OU to update outdated fire escapes after university review
Sam Higgins, The Oklahoma Daily
AT A GLANCE
Fire Safety in Residence Halls:
Upon the sounding of the alarm: Leave your room, and close your door. Students who do not vacate the building will be subject to disciplinary action.
When the fire alarm sounds, you and all other occupants must evacuate the building and proceed to the designated area until you are notified that it is safe to return to your building.
If you are away from your room when the alarm sounds, proceed to the nearest exit without returning to your room.
Move quickly and quietly to the exit, go to the designated waiting area and wait for further instructions.
Carry a towel in case of smoke. Do not use the elevators. Bring your keys and ID. Wear a coat and shoes.
A campuswide review of fire safety after the accidental death of a student has led to planned updates of dated fire escapes attached to old buildings.
Zoology senior Casey Cooke fell off a fire escape on Evans Hall while climbing down from the roof of the three-story building June 3, The Daily reported in June. She was found dead outside Evans Hall at 2:23 that morning.
Soon after her death, the university found that the fire escape on Evans Hall was unnecessary because the building already had a fire alarm and a sprinkler system, Facilities Management Director Brian Ellis said. The fire escape was removed shortly after Cooke’s death.
Since then, university officials have discussed the nature of other campus fire escapes with the Norman fire chief’s office, deputy fire chief Jim Bailey said.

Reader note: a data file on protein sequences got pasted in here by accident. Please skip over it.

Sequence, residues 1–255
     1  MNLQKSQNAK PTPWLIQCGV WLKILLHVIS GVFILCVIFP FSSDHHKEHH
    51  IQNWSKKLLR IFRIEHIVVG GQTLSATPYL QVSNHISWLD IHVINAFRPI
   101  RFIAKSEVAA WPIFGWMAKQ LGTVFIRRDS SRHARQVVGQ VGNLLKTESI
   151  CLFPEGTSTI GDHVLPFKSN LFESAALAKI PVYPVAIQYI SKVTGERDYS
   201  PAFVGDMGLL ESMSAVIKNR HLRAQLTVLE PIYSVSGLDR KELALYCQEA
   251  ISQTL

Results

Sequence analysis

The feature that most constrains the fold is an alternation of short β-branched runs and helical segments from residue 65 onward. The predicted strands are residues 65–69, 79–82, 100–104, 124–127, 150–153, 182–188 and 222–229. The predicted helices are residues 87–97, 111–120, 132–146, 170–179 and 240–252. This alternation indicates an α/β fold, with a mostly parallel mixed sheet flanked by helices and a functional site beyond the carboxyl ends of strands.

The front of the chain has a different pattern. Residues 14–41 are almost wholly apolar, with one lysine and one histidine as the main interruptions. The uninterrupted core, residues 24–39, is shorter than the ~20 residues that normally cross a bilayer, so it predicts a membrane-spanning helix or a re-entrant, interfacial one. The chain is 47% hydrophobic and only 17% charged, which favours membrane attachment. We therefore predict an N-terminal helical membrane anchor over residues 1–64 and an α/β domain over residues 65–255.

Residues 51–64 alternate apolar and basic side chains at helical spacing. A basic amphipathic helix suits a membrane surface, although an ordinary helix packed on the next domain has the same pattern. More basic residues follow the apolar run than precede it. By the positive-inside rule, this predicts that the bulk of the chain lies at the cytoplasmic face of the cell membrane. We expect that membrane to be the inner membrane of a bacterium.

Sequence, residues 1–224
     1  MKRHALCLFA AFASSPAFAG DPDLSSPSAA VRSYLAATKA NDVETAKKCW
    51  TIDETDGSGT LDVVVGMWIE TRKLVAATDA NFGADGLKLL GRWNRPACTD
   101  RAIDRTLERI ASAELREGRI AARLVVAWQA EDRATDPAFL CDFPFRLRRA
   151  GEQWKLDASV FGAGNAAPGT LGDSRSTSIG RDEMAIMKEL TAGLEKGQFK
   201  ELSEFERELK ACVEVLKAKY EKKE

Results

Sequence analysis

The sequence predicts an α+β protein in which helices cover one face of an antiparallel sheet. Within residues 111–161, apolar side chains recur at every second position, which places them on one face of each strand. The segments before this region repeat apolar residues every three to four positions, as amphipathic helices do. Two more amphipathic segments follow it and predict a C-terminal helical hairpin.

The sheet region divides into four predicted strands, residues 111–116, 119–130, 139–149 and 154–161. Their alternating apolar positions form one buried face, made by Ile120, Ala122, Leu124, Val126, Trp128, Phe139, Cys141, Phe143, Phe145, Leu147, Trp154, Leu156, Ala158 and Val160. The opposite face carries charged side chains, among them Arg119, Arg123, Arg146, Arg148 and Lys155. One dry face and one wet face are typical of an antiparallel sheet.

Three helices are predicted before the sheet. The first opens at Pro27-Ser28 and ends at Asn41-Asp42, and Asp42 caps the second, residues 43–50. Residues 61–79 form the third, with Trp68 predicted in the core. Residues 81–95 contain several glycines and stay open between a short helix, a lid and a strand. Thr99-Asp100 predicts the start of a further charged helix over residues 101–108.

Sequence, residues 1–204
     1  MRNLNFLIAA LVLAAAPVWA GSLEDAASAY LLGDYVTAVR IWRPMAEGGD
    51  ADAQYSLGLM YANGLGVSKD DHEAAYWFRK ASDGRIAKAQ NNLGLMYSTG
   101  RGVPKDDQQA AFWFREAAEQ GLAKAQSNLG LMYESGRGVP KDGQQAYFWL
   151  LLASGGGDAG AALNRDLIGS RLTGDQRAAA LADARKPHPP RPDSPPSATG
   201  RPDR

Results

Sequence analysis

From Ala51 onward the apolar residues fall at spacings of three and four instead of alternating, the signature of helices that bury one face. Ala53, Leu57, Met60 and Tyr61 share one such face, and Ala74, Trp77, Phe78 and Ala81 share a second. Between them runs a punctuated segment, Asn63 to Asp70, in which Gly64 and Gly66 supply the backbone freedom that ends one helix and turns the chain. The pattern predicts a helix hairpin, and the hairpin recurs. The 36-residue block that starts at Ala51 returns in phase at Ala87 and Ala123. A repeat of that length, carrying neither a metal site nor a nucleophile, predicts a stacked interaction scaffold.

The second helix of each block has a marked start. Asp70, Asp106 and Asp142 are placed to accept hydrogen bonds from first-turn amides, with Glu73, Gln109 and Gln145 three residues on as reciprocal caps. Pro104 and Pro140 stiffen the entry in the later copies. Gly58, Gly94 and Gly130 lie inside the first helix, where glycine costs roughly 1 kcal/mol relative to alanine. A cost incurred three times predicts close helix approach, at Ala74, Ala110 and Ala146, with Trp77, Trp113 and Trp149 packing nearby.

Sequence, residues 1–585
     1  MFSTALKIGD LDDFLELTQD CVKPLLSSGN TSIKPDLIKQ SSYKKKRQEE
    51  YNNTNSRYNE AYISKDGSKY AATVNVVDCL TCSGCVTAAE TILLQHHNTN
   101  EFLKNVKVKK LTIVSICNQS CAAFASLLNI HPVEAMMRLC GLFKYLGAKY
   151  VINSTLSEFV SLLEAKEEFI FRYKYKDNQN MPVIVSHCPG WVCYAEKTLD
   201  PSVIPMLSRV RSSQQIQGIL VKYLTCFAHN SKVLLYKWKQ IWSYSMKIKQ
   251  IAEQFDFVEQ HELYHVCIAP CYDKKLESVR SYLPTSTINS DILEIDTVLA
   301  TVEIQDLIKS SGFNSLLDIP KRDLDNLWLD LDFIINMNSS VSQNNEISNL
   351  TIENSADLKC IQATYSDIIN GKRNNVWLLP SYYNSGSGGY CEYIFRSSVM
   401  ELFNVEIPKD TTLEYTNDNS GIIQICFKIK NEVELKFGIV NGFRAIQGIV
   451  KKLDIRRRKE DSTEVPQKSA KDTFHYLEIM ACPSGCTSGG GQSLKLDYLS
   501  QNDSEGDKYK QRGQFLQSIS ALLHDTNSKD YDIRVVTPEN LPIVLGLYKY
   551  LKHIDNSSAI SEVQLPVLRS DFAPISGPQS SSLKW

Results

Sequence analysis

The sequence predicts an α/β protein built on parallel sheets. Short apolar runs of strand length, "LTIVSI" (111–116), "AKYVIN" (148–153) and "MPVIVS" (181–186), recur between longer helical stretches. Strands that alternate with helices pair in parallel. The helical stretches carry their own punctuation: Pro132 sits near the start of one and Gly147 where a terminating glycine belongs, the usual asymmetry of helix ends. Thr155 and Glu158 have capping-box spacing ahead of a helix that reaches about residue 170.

“We had a few of the fire escapes that were really old and not well maintained — they were really not very secure,” Bailey said. “They were in pretty sad shape.”
Following the removal of the fire escapes on Evans Hall, the university determined that Monnet Hall and Carnegie Hall were the only two other buildings with outdated, external fire escapes, Ellis said.
OU is in the process of updating the current fire escape plans for the two buildings. They have contracted out an engineering firm to draw up plans for updated fire escapes, Ellis said.
Within the next two weeks, the engineering firm will report their plans to the university, and then it will take about a month to build the new fire escapes, followed by a couple of days to install them, Ellis said.
Having old fire escapes accessible to students was greater than their concern for the use of the escapes in an actual emergency, Bailey said. The sprinkler systems in buildings, such as Evans Hall, also have a significant impact in combating fires, he said.
Many of the fire escapes on campus are “legacy” fire escapes — meaning they are in the same condition as when the buildings were built, and new sprinkler systems make them even more outdated, Bailey said. However, they are still necessary on some buildings — such as Carnegie Hall — that lack advanced sprinkler systems or alternate escape routes besides the traditional fire escape, he said.
Outdated campus fire escapes must be rebuilt so they do not provide hazardous access to the roof, so that accidents, such as Cooke's, death can be prevented, Ellis said.
“We certainly didn’t want anyone getting hurt climbing up on a fire escape that has been there for a hundred years or so,” Bailey said.
On Carnegie Hall, the fire escape does not need to go to the third floor because there’s an alternate stairwell that goes from the third to the second floor, Ellis said. The new fire escape will eliminate roof access and also prevent anyone from reaching the fire escape from ground level, he said.
The Monnet Hall fire escape is different from Carnegie Hall’s, because it is an external staircase, Ellis said. Currently, the stairs only come down to a platform eight feet above the ground, so people have to jump from there. In order to make this fire escape safer, the university must put in a set of stairs that can be easily moved so people won’t be able to access the roof when there is no fire, he said.
Apart from updating the fire escapes, the university also continues to install sprinkler systems into older buildings on campus, Bailey said.
Lindsey Ruta contributed to this report.